Thumbs Down – BadUSB Weaponizes USB Devices

By Paul Hirsch, Citon Senior Network Engineer

At the recent Black Hat security conference in July, a pair of security researchers from Germany unveiled a new type of attack they dubbed “BadUSB.” USB thumb drives have long been used to carry viruses and malware, but this new type of attack takes things to a whole new level.

By reprogramming the firmware (the software programmed into the USB device itself), an attacker can perform all sorts of nasty things without antivirus or the usual security measure detection.LATEST SECURITY CONCERN

For example, a USB printer could be programmed to also pretend it is a USB keyboard. When the victim plugs in the printer, it would issue a set of keystrokes to download and install malware, taking over the victim’s machine. From the perspective of the machine, it would look like the user had plugged in a second keyboard and typed the commands themselves. Fake hard drives, fake network cards and all sorts of other fake devices could be flashed into just about any USB device.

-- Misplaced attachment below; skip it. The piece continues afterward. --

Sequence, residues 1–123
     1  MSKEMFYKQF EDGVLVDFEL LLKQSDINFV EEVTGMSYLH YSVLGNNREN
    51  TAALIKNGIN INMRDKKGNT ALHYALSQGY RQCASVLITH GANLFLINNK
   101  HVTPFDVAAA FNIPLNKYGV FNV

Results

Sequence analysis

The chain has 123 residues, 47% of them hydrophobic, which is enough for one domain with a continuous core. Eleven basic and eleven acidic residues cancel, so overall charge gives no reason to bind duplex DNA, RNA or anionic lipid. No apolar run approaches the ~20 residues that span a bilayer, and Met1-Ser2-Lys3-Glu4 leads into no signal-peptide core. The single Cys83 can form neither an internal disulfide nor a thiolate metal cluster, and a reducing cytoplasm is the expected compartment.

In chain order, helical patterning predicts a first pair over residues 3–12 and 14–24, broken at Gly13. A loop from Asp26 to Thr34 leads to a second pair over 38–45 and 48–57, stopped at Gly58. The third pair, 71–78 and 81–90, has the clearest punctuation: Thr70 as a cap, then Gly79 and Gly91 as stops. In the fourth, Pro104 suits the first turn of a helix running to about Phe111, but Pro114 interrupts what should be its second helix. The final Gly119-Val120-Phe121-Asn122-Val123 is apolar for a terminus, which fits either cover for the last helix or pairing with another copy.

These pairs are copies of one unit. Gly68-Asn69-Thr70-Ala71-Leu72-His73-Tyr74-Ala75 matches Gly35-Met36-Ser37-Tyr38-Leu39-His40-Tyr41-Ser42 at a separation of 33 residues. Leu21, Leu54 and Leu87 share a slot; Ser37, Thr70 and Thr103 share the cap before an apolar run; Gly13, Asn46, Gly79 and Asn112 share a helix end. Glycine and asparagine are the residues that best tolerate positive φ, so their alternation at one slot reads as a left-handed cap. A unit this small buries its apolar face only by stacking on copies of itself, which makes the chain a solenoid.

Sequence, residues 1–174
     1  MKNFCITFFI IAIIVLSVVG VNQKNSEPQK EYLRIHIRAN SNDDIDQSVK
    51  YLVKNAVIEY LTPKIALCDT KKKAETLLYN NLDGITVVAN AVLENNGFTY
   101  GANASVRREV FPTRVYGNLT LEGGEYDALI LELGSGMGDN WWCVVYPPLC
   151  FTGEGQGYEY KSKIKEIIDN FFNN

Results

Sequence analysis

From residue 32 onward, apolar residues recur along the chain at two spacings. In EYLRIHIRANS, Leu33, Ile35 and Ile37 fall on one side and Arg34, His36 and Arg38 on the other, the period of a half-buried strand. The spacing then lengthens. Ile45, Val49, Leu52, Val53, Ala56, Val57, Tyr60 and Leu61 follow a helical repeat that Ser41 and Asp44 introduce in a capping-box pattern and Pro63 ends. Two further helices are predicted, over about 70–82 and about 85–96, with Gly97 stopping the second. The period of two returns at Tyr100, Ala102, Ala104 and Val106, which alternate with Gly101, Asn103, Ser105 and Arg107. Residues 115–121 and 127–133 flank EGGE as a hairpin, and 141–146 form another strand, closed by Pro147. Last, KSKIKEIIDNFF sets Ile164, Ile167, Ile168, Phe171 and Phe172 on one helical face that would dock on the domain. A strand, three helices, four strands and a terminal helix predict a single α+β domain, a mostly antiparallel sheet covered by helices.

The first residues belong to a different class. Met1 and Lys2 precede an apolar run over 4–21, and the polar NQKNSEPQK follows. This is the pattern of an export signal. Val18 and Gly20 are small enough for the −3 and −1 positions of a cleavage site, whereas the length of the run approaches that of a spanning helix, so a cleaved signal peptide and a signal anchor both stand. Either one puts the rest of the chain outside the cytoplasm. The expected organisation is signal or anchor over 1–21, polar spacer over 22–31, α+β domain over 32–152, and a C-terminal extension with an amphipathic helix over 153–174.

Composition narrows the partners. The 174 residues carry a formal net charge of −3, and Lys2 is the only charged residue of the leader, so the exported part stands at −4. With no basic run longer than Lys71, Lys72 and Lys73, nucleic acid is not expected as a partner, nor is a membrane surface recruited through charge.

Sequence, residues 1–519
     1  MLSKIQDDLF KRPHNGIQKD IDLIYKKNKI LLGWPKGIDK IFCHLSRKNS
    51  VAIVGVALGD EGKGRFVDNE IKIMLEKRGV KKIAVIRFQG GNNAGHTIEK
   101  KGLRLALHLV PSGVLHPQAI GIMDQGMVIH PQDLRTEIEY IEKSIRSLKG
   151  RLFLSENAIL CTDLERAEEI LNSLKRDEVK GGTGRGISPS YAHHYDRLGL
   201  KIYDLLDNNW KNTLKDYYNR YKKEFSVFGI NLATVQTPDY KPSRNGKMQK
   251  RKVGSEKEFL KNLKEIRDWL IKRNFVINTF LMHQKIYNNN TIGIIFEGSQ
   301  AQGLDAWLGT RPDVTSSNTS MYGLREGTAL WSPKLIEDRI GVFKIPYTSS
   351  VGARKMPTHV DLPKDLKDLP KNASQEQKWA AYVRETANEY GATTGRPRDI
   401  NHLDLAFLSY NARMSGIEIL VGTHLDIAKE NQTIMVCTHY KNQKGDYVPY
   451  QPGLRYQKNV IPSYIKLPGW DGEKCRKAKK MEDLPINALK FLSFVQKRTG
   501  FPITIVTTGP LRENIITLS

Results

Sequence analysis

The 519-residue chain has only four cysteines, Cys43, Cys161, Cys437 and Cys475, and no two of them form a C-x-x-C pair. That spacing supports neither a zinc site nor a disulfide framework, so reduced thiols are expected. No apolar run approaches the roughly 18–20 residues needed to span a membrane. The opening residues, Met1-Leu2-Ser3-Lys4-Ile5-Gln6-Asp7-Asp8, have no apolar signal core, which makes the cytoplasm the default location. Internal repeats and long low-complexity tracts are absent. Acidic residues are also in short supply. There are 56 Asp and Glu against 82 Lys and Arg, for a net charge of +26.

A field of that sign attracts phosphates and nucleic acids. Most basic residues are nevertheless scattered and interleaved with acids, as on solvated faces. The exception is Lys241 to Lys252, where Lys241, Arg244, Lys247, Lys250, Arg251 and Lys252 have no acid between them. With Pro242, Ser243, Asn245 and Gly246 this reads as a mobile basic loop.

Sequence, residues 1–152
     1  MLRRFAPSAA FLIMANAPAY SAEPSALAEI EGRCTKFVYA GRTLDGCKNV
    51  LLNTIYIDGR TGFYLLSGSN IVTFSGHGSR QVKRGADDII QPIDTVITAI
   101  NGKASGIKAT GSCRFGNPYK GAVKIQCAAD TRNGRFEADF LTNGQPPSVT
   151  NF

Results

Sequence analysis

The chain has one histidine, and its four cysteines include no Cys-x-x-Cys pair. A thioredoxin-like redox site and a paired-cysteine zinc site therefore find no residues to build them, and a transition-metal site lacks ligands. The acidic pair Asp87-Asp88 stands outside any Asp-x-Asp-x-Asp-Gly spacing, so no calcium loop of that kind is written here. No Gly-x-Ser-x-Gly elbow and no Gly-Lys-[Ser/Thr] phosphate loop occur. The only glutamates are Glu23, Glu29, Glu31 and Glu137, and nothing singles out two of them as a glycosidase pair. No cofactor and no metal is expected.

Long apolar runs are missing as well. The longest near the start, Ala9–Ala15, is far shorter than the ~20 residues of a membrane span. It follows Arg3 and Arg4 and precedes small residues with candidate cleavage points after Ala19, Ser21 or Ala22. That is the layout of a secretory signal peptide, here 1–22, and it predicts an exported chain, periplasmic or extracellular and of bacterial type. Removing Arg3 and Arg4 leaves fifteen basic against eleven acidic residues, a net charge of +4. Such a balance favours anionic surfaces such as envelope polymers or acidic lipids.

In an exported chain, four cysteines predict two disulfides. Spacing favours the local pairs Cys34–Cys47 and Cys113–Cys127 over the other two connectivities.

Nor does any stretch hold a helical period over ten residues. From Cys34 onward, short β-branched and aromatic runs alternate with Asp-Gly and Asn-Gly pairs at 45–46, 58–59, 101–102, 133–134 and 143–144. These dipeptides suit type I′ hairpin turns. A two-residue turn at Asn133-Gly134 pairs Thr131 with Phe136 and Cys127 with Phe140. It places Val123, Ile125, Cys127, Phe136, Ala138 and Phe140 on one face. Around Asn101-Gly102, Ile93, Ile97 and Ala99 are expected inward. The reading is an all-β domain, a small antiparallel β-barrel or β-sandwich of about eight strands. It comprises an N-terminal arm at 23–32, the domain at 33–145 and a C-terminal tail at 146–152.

The big deal with BadUSB is persistence. An infected USB keyboard, mouse, thumb drive, camera, cellphone, etc. can reinfect over and over. Reloading the computer won’t fix it. Buying a new computer won’t fix it. It’s enough to make a person paranoid.

Last week, code was released on the Internet for BadUSB, making it a very real threat to anything with a USB port. (In other words, just about every computing device in use on the planet.) The security community has started to respond with an array of defenses, but because this involves vulnerabilities in physical hardware, this problem will be with us for a long time.

There are two things you can do now to reduce the risk:

  • Don’t connect USB devices to your computer(s) unless they come from a trusted source.
  • Don’t log in as a user with local administrative rights to your computer(s).

Neither of the above prevent BadUSB attacks completely. They only reduce the chances of connecting a device with BadUSB firmware and reduce the damage a BadUSB device can do once connected.

Worried about BadUSB or security in general? Contact Citon for help.

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